• Interviewees 2 and 3 stated that occupants need to be more educated about both fire situation and evacuation procedures, and given more information on the use of lifts during an evacuation of a multi-storey residential building.

Conclusions

  • The research evidenced that there are various factors that discourage occupants from using certain egress routes.
  • In addition, the questionnaire results evidenced that the factors deterring occupants from using a lift are concerns of being stuck in the lift and smoke or fire entering the lift.
  • Occupants need to be thoroughly educated and clearly informed with regard to such factors.
  • There are several factors to consider that can affect occupants’ receipt of ‘threat’ cues during a fire evacuation.
  • The interviews produced results that identified culture as an important factor affecting the interpretation of the cues occupants receive; some cultures are not serious about fire alarms and will not consider an alarm as evidence of a ‘real’ fire situation.

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Article
Multi-storey residential buildings and
occupant’s behaviour during re
evacuation in the UK: Factors relevant to
the development of evacuation strategies
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International Journal of Building Pathology and Adaptation
Multi
-
storey residential buildings and occupant’s behaviour
during fire evacuation in the UK: Factors relevant to the
development of evacuation strategies.
Journal:
International Journal of Building Pathology and Adaptation
Manuscript ID
IJBPA-08-2017-0033.R3
Manuscript Type:
Original Article
Keywords:
evacuation, lifts, egress, human behaviour, decisions, multi-storey
International Journal of Building Pathology and Adaptation

International Journal of Building Pathology and Adaptation
1
Multi-storey residential buildings and occupant’s behaviour during fire evacuation in the UK:
Factors relevant to the development of evacuation strategies.
Michael Gerges
a
, Sholto Penn
b
, David Moore
c
, Chris Boothman
d
Champika Liyanage
e
.
a
Michael Gerges, (School of Engineering, University of Central Lancashire, Preston, UK)
b
Sholto Penn, (School of Construction, Lancaster University, Lancaster, UK)
c
David Moore, (Scott Sutherland School of Architecture and Built Environment, Robert Gordon University, Aberdeen, UK)
d
Chris Boothman (School of Engineering, University of Central Lancashire, Preston, UK)
e
Champika Liyanage (School of Engineering, University of Central Lancashire, Preston, UK)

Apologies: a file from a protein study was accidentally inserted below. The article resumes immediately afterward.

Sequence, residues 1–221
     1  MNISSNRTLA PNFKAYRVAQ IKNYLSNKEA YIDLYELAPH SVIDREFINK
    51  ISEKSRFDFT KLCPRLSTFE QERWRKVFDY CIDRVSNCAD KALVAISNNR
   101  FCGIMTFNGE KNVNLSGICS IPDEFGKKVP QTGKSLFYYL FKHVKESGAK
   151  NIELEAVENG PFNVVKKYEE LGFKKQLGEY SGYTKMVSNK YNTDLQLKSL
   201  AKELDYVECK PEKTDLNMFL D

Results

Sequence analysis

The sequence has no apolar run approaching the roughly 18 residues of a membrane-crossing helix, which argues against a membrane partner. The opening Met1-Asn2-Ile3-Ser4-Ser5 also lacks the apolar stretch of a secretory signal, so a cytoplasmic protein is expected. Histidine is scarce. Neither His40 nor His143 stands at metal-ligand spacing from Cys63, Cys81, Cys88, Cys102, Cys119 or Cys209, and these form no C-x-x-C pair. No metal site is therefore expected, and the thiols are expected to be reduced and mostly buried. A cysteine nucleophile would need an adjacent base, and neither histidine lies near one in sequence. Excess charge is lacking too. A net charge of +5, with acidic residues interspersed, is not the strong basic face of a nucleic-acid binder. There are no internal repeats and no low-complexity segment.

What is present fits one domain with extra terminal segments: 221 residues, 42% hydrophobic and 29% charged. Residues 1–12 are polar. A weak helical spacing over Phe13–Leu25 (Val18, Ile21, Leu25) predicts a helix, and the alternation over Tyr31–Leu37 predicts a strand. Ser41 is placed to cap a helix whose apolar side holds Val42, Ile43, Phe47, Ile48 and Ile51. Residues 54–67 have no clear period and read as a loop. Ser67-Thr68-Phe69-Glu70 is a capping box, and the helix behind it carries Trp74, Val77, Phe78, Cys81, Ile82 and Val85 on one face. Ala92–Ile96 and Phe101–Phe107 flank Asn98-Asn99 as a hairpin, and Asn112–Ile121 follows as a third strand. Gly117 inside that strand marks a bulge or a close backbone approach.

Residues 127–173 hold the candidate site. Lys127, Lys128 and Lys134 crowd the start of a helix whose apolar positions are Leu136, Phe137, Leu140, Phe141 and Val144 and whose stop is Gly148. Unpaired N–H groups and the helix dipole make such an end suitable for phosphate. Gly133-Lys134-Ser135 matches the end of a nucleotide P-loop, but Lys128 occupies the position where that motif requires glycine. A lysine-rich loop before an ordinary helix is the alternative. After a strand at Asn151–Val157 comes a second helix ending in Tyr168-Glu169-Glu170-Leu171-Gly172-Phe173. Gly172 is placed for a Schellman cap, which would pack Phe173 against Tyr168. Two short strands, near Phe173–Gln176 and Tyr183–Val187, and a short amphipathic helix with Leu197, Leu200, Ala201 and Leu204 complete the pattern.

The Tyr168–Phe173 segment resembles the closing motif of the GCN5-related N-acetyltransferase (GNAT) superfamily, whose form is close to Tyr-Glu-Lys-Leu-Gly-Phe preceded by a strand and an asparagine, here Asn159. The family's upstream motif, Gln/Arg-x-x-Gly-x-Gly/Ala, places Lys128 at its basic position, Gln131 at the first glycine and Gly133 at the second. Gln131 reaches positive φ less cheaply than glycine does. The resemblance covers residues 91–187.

Abstract
Purpose – T
he paper aims to investigate human behaviour during fire evacuations in multi-
storey residential buildings through a focus on the challenges and obstacles that occupants
face. Any variations in response behaviours that are relevant to the evacuation
strategies/plans in the UK context of occupancy typical of multi-storey buildings in large
cities.
Design/methodology/approach – A literature review was conducted to identify the factors
occupants face and also the decision-making of occupants regarding methods of egress. A
mixed research method was adopted using interviews and a questionnaire survey. The
findings from the interviews and survey are benchmarked against the information gathered
from the literature review.
Findings – The paper identifies various challenges that occupants face when evacuating a
multi-storey residential building. In terms of the decision-making process, the research results
evidence that occupants could be given more information on the evacuation procedures
within their specific building. The paper also finds that occupants remain reluctant to use a
lift during evacuation in fire event, irrespective of any signage clearly stating that is
appropriate to do so in the context of modern lift technology.
Originality/Value – This paper contributes to the body of knowledge available on the
evacuation of multi-storey buildings located in large cities within the UK, outlining potential
areas for future research, focused on providing an insight of the behavioural decisions made
by the occupants make when evacuating a building in the event of a fire.
Keywords - Evacuation; lifts; egress; human behaviour; decisions; multi-storey